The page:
Amended Complaint, Mot. to Amend, ECF No. 46; (6)
Paychex's motion to dismiss the Second Amended Complaint,
Paychex Mot. to Dismiss Second Am. Compl., ECF No. 47; (7)
USI Defendants' motion to dismiss the Second Amended
Complaint, USI Mot. to Dismiss Second Am. Compl., ECF No. 48;
and (8) Ms. Doe's motion for a new hearing, Mot. for New
Hearing on the Mots., ECF, No. 65.
reasons set forth below, the Court now GRANTS in part
and DENIES in part Defendants' motions to
dismiss, and dismisses all claims against the USI Defendants,
ECF No. 48; and Ms. Doe's claims against Paychex for
violations of the Americans with Disabilities Act, Health
Insurance Portability Accountability Act, National Labor
Relations Act, state and federal laws regarding data privacy,
employee handbooks, libel and slander, protected speech,
sales representative commissions, sick leave violations,
protected speech, and tortious interference, leaving only her
claims for sex discrimination, a hostile workplace, and
retaliation under Title VII in this case, ECF Nos. 16, 47;
DENIES Ms. Doe's motion to amend, ECF
No. 46; DENIES Ms. Doe's motion to seal
the case, ECF No. 2, GRANTS Defendants'
motion to unseal the case, ECF No. 23;
DENIES Ms. Doe's motion to recuse, ECF
No. 19, and DENIES Ms. Doe's motion to
supplement and for a new hearing, ECF, No. 65.
FACTUAL AND PROCEDURAL BACKGROUND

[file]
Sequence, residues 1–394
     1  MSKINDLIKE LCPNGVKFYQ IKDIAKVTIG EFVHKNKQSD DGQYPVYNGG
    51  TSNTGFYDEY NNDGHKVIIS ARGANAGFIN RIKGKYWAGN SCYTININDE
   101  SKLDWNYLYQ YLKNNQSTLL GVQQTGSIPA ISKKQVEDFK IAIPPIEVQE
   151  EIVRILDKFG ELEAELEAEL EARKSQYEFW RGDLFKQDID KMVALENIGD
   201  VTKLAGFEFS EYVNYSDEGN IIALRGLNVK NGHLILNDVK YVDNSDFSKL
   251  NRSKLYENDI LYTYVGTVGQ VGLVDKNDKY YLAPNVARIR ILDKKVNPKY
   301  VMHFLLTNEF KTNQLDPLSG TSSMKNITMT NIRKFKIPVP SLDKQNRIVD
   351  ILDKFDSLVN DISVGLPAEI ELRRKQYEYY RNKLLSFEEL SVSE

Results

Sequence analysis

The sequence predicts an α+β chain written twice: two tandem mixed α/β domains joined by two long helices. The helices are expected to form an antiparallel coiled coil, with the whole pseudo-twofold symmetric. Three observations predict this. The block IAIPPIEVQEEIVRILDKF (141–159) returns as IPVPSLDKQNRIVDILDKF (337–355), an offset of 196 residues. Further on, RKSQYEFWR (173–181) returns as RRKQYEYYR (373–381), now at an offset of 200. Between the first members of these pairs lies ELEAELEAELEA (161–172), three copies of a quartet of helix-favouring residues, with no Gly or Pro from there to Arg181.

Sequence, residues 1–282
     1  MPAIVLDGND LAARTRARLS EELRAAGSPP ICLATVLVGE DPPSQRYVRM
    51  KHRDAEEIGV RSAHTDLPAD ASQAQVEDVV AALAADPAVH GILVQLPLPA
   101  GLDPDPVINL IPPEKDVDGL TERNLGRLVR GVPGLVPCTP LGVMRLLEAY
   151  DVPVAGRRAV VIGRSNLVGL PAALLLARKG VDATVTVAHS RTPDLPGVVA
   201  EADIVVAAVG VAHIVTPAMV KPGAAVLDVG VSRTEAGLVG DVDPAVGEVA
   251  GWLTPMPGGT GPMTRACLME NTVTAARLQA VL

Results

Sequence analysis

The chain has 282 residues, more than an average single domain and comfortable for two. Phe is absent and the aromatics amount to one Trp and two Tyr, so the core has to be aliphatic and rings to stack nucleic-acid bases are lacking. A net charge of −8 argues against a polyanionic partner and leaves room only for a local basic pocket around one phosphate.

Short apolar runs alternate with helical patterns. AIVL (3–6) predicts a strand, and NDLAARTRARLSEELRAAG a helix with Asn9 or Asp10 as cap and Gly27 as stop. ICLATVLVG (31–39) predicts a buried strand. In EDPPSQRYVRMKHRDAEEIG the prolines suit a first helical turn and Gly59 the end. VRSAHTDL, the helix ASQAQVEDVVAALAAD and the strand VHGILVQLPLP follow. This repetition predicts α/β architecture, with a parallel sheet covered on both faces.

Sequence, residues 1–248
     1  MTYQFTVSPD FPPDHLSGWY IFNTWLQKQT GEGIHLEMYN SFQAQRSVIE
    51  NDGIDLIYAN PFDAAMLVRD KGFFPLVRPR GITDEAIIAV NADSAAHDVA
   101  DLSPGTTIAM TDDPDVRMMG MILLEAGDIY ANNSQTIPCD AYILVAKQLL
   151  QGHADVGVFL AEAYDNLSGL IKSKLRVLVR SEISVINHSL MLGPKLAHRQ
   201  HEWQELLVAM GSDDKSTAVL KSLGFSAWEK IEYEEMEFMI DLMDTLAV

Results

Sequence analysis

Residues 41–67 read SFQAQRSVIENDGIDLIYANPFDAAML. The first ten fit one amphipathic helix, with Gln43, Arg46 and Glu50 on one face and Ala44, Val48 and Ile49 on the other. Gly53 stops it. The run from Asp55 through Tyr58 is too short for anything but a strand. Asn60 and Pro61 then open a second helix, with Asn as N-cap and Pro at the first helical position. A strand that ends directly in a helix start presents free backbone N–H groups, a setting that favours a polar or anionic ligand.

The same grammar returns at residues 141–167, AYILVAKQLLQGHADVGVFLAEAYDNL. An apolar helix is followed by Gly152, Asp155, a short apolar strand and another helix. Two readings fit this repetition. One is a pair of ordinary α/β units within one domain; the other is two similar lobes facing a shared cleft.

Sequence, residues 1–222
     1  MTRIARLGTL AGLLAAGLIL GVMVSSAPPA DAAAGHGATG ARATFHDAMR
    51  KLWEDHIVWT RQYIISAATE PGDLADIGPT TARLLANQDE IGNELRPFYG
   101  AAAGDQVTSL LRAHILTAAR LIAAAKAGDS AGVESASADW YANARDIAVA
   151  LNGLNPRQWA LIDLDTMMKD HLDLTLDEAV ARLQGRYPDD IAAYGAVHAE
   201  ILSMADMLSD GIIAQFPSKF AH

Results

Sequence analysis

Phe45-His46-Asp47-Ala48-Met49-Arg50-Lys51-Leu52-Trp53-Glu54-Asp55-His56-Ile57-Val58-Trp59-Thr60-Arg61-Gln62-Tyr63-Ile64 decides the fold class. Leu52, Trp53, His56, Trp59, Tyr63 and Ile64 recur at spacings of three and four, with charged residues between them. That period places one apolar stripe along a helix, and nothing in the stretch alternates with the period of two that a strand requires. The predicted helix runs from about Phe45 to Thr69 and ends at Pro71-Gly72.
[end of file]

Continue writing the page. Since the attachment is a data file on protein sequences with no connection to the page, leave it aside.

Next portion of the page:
allegedly suffers from anxiety, PTSD caused by a
“previous employer's reckless disregard of her
rights, ” and a right shoulder injury. Am. Compl.
first seven months of 2015, Ms. Doe allegedly worked as an
outside sales agent in Paychex's health and benefits
division. Compl. ¶ 7a. She allegedly managed all of the
Connecticut accounts for corporate customers employing more
than 50 employees. Id. ¶ 7f. Six months into
Ms. Doe's employment, Paychex allegedly redistributed
regional sales assignments. Id. As a result of that
redistribution, Ms. Doe allegedly lost larger accounts to two
male sales agents. Id.
her employment, Ms. Doe allegedly alerted managers to the
unethical activities of a male sales agent. Id.
¶¶ 7g, k, q. That sales agent ultimately filed an
internal complaint against Ms. Doe. Id. ¶¶
20, 2015, Ms. Doe's supervisor, Mr. Ellsworth, allegedly
told her about the sales agent's complaint against her.
Id. ¶ 7dd. Ms. Doe asked Mr. Ellsworth to call